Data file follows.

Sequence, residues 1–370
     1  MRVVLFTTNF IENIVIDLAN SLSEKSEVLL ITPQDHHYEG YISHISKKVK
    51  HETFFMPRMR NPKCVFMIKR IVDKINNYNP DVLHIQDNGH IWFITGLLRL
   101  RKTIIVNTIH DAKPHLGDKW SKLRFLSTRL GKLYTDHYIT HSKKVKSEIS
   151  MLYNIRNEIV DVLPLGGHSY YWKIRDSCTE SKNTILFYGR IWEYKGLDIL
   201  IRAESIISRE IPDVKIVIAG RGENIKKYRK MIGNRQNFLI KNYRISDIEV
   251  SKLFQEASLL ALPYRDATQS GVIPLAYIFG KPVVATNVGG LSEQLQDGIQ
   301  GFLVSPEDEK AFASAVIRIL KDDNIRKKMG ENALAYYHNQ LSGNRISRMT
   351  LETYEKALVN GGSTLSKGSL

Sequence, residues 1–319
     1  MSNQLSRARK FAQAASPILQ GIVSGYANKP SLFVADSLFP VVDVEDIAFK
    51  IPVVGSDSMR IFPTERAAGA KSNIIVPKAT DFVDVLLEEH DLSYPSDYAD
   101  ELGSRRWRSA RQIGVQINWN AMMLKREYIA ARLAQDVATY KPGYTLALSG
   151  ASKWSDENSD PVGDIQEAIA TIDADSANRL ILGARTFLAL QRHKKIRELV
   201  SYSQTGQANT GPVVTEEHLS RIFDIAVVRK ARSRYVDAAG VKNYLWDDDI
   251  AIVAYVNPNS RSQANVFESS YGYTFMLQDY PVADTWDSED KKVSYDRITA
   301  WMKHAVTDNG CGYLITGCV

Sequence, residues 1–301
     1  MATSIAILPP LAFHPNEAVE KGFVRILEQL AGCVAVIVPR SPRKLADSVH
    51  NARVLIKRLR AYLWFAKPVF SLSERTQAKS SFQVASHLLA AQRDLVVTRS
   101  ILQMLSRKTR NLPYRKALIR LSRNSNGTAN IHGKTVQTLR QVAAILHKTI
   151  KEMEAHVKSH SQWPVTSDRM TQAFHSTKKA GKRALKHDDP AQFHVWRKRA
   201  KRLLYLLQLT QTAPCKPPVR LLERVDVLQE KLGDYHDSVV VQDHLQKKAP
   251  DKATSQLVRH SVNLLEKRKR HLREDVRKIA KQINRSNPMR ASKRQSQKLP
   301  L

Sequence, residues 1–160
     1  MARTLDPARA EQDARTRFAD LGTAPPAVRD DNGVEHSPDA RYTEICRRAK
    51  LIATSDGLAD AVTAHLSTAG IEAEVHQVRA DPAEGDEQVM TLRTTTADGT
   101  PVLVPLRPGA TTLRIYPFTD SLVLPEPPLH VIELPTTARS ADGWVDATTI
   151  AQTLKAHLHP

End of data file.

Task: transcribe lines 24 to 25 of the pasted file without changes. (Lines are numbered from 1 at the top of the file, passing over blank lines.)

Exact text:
   251  DKATSQLVRH SVNLLEKRKR HLREDVRKIA KQINRSNPMR ASKRQSQKLP
   301  L